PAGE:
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11th Oct 2016

5 reasons why Arsene Wenger would be a disaster as England boss

Here's why it would not work

Rob Burnett

FA chief executive Martin Glenn, the man charged with appointing the next England manager, told reporters in the summer “I am not a football expert”.

It seemed extraordinary when he first came out with it (he’s only the boss of the FOOTBALL Association, after all), but it now makes more sense.

It became perfectly clear that he is right about his football knowledge limitations when he was asked whether Arsene Wenger would be a contender to replace Sam Allardyce as England manager. “Of course he’d fit the criteria perfectly,” he said.

Now, the Arsenal boss is a fantastic manager. He has helped transform not only his own club, but also top level football in this country.

Then there is his record. Ok, he hasn’t won the league for over a decade, but he still has three Premier League titles on his CV as well as six (SIX!) FA Cup wins, which is well in excess of the silverware records of any of the other contenders.

And consider this: the last (permanent) England manager who had won the top flight in England was Don Revie in 1974.

But despite that, Wenger is not the right man to lead the Three Lions.

The job is very different to club management – it really comes down to four key skills, so let’s take them one by one:

1. Tactics

Arsenal football club manager George Allison rehearsing tactics with the team, November 1938. (Photo by H F Davis/Topical Press Agency/Getty Images)(Photo by H F Davis/Topical Press Agency/Getty Images)


Wenger is famously resolute in his views on tactics. His approach is simply to put out the best team he can and get the team playing his way, and let the opposition worry about them, not the other way around.

This is also known as the Kevin Keegan approach to tactics. And it just doesn’t cut it at international level.

It might – and has – worked in a league campaign when the higher quality of your players will tell over a nine month period, but international football is all about individual games, many of which will need tailored tactical plans to give England the best chance to progress. Wenger has never shown that he can or would manage like this.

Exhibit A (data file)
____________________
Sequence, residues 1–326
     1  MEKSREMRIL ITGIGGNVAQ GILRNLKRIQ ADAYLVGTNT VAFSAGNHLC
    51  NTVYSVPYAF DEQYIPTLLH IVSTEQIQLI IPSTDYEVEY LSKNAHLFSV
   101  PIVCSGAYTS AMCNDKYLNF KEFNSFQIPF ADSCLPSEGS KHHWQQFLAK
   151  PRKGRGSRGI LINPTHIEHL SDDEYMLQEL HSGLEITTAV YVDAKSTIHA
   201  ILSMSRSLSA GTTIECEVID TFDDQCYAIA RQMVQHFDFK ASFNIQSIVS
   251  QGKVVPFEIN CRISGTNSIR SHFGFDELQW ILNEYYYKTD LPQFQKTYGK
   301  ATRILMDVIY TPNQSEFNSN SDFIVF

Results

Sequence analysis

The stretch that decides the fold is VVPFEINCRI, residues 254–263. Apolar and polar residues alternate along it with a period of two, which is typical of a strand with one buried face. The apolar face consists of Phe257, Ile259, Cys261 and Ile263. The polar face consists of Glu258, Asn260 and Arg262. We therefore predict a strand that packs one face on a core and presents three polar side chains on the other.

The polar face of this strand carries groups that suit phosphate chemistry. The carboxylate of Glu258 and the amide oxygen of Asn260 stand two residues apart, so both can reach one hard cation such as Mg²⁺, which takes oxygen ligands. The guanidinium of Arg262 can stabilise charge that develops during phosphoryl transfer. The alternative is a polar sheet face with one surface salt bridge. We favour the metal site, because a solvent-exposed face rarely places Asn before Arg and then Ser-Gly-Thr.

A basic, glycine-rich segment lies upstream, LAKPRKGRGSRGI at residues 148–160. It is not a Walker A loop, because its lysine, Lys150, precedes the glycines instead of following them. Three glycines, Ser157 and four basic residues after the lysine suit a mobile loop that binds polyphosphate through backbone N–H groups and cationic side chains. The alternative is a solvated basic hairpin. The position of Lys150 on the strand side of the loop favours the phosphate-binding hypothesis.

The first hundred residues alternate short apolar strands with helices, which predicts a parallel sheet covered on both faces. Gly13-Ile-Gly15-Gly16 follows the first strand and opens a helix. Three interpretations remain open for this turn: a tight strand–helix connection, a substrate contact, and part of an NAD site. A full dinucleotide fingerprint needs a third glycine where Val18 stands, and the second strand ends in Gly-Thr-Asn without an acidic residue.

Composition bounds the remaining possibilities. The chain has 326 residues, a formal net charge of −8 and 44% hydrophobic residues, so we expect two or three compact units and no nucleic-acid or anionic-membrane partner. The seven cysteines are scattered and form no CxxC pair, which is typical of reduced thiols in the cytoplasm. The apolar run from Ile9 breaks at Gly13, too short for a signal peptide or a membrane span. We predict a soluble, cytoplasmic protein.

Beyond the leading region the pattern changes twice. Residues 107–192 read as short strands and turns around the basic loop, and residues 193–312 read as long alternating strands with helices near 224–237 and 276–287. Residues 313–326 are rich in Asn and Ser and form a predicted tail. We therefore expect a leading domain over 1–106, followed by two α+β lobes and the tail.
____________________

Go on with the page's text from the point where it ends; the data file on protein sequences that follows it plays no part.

It is no surprise that Wenger has beaten Jose Mourinho just once in 14 meetings – and that was in the Community Shield. Mourinho sets his teams out to beat other teams, counter specific threats and exploit specific weaknesses.  Wenger does not.

Look too at how often Sam Allardyce’s Bolton managed to get results against a far more talented Arsenal team. Yes, they used what might be termed ‘physical’ football to do this, but it was also because Allardyce and his players had a specific plan and stuck to it – and Wenger had no answer to it.

2. In-game management

How often have games started to get away from Arsenal while Wenger stands forlornly on the touchline fiddling with the zip on his coat?

Screen Shot 2016-10-11 at 12.08.31


Again, in a league campaign of 38 games there is time to overcome the odd draw or defeat. But you cannot get away with that in tournament football where a tactical change by the opposition, a red card or an injury – or your original system simply not working – is an opportunity to switch things around and take advantage, or to shore things up.